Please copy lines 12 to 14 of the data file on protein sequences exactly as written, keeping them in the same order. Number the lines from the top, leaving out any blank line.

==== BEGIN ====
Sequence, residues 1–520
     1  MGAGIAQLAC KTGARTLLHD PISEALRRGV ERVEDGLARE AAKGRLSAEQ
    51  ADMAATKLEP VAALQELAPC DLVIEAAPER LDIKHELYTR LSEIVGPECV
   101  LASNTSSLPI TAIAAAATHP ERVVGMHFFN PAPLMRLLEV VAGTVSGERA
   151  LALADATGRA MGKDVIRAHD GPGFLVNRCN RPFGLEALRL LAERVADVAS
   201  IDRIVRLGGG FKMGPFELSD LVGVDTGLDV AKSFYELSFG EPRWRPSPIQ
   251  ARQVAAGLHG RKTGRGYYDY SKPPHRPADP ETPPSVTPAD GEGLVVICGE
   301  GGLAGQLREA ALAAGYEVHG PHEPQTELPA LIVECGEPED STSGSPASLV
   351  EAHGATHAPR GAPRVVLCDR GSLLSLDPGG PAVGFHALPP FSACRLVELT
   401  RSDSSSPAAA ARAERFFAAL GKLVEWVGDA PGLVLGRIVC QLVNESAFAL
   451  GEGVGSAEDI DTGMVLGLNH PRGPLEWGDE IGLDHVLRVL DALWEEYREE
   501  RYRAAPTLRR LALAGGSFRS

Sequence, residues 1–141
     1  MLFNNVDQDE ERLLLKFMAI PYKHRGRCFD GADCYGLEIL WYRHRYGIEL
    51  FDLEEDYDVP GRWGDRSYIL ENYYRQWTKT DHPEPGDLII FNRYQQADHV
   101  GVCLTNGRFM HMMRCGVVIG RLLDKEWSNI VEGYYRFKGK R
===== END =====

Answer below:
   501  RYRAAPTLRR LALAGGSFRS

Sequence, residues 1–141
     1  MLFNNVDQDE ERLLLKFMAI PYKHRGRCFD GADCYGLEIL WYRHRYGIEL